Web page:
This fall the husband took Calla to soccer practice. I took a different kid to a different sports practice. The husband texted me this photo.
His message with the photo was something like, "ut-oh."
Anyone who knows us and our last six years knows that rainbows generally mean something. Something big. Started here, then here, then here. Since the first one we have moved five times and had another baby. While I don't generally go into a lot of details, I guess it will have to suffice that it really is a big deal. Rainbows are a promise. God gave Noah a promise with a rainbow. Apparently he uses them with us, too.
You know the cliche about how God opens doors for us to go through and if He doesn't open a door, we should maybe start looking at the windows? Well, I have not been looking for doors and windows that are open. And if I thought they might be open or I sensed any hint that they might open, I promptly secured and locked them. Because I have been just happily going along with this whole settling in thing and getting my kids all involved in activities like basketball and soccer and piano and dance and 4-H and other stuff that we all enjoy. We have met some awesome people and started to feel like we could just live here and be in a great church and have great friends we love hanging out with. And I get to have my husband home every night and on weekends and recently we started our annual winter movie series and we are just happily bouncing along in our family and marriage and all. It has been so nice.
And then God blew the whole side off (forget doors and windows) and shoved us through.
At least that is what I feel like.
We are moving.
Yes, again yet again. This will be SIX times since Violet was born. She will be SIX in July.
So now after the husband and I agreed that he should apply, had an interview and was offered and accepted the job, all while I was in my little corner praying that God would say something like, "Oh, just testing you, you know like Abraham and Isaac ... " and after I have felt every emotion from shock, anger, fear, hope, hopelessness, and grief. But mostly shock. After crying on the phone with my mom, confiding in my friends, crying in my kitchen with the husband, crying in my friend's kitchen, and attempting to tell everyone I felt shouldn't hear it on the streets, we are officially moving to somewhere around Bozeman, Montana.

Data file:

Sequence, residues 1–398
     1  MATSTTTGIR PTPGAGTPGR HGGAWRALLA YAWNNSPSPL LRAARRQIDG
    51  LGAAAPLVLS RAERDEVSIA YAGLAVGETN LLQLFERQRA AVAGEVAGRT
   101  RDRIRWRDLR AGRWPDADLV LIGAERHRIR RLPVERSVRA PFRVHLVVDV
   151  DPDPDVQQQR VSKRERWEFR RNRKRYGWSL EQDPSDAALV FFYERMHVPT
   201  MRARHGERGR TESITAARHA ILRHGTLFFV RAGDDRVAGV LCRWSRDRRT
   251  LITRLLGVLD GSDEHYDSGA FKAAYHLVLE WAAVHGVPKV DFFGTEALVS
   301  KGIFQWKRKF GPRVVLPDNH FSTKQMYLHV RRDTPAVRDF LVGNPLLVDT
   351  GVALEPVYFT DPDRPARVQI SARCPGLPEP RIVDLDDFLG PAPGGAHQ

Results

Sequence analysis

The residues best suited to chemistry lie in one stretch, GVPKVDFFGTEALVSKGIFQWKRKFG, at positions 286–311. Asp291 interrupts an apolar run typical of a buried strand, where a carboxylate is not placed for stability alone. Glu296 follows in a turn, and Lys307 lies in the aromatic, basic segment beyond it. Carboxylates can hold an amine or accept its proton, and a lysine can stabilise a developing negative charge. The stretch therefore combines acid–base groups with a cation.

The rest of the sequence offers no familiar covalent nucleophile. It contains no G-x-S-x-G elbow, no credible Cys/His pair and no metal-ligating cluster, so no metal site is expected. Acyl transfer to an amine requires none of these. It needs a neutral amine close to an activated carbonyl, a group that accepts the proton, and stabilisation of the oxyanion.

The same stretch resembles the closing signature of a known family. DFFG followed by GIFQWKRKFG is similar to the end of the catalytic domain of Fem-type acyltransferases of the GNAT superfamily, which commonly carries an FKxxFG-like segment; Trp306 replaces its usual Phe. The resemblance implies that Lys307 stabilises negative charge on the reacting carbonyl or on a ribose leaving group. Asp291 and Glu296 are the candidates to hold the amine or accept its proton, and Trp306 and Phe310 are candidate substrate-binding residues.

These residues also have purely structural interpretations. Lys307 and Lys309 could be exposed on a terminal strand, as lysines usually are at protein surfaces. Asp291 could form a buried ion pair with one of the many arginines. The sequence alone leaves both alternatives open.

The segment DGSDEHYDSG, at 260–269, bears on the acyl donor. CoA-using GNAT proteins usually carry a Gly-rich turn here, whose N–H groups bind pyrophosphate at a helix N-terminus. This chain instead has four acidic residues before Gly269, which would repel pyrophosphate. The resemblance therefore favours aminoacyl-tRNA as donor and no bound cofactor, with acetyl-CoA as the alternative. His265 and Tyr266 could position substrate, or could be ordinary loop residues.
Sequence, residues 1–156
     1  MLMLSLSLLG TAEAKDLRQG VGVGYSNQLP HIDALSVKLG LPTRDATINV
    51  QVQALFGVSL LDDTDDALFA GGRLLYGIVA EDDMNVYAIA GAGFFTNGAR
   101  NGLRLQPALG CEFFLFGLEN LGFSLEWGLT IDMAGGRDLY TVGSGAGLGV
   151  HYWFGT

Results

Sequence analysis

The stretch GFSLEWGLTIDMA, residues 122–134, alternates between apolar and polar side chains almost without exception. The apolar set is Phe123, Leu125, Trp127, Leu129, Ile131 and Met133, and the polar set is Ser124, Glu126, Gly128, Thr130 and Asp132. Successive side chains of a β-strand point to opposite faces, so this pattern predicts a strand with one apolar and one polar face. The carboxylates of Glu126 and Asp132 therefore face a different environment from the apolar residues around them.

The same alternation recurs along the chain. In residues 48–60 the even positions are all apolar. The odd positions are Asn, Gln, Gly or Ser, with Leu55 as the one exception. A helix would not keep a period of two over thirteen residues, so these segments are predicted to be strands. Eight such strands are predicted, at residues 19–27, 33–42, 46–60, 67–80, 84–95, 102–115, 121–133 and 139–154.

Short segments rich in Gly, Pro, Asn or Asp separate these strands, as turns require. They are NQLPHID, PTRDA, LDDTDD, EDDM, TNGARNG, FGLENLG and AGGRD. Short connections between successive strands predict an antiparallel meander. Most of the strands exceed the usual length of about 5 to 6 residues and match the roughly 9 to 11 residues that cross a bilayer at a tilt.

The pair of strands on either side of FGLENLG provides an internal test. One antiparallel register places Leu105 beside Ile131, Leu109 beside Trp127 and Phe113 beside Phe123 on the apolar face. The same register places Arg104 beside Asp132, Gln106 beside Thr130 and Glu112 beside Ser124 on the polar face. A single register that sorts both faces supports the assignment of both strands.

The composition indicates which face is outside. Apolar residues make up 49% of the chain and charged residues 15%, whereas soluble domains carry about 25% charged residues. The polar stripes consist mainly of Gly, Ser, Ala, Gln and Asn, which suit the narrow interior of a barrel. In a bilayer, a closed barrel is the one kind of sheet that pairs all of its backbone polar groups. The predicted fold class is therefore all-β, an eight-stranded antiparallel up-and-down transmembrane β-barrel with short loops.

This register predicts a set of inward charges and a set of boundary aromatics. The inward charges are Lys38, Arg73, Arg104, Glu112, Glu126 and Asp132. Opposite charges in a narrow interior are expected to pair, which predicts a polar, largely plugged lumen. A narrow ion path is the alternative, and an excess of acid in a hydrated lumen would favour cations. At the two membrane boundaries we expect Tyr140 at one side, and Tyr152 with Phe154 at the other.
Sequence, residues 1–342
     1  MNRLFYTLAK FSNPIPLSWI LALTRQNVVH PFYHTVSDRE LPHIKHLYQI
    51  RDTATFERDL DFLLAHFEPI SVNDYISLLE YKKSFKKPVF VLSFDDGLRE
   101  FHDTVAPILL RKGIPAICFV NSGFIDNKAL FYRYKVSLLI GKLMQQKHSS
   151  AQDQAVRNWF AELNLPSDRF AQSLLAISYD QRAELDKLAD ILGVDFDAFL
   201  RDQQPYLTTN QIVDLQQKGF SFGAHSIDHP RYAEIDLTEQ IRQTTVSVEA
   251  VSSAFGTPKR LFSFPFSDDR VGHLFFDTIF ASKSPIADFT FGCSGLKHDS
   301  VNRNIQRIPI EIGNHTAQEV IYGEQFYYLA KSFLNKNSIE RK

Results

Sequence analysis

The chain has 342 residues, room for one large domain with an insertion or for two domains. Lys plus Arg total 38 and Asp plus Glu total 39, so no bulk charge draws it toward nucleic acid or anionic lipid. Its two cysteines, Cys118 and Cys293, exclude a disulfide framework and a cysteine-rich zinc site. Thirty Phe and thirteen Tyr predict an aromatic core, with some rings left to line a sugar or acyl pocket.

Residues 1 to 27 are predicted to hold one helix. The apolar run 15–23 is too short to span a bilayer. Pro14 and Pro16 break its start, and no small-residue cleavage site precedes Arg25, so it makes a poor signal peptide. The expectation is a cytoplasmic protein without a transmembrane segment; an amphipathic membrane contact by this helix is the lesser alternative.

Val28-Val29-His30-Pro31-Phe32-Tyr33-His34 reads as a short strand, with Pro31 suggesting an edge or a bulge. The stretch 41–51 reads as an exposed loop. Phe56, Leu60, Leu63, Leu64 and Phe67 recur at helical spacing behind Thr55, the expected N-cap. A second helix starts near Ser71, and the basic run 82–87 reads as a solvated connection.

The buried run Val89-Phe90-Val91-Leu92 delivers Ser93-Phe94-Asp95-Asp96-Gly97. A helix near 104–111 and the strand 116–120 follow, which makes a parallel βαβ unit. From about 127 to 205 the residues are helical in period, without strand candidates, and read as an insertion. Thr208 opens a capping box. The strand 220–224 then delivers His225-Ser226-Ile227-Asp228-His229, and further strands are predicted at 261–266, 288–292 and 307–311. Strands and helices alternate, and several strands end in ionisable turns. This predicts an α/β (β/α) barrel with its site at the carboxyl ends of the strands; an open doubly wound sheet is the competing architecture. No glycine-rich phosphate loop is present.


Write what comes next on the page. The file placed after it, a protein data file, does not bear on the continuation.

And we are doing it sometime between now and, well, when it happens.
I am officially ...well ... I don't know what I am or even what I should be. I am no longer an emotional, panicked, crying mess. I have pulled it together and now I am feeling like moving closer to my parents and back to my home state and bringing five more people, three horses, and a dog is probably a good thing. And looking back over the last six years (which feels like more than that, actually), I can see that God has been steering us towards this. It is an incredible opportunity for us. In particular it is an incredible career opportunity for the husband. For him this could be the career opportunity of a lifetime. And frankly, the world would say that he deserves it. He is the hardest working guy I have ever met.
I realized something last night. I realized that even if the husband decided we need to move to some third world island nation and raise goats and coconuts, I would probably follow him. He is my husband after all. And he is a good one. The best actually. He loves me and his girls and his boy with the kind of love that would require him to throw himself in front of a train if it meant saving any one or all of us. It is the least we can do to make the best of this situation. So far that attitude has not failed us on our other recent adventures.
Bring it on!
p.s. I guess a move to Montana will require a blog name change.
Please let this be the last time.
p.s. Thanks for the incredible opportunity for the husband. What a blessing. And I look forward to seeing what you do with and through him.
Writing is good therapy. I should probably do more of it. Forces me to think things through and in doing so I gain perspective.
After four kids, ten moves and nearly two decades, we are still blissfully in love (most of the time) and I found myself back in the state I was born and raised in. It has definitely been a journey. In fact, on our 18th anniversary we pulled the last of our stuff up over the pass and into Montana, leaving our surprise love, Idaho, behind. But Montana is a great place. The last best place according to some. And we fully intend to explore as much of it as we can! Join us on our continued adventure through life, love and other stuff that comes with it.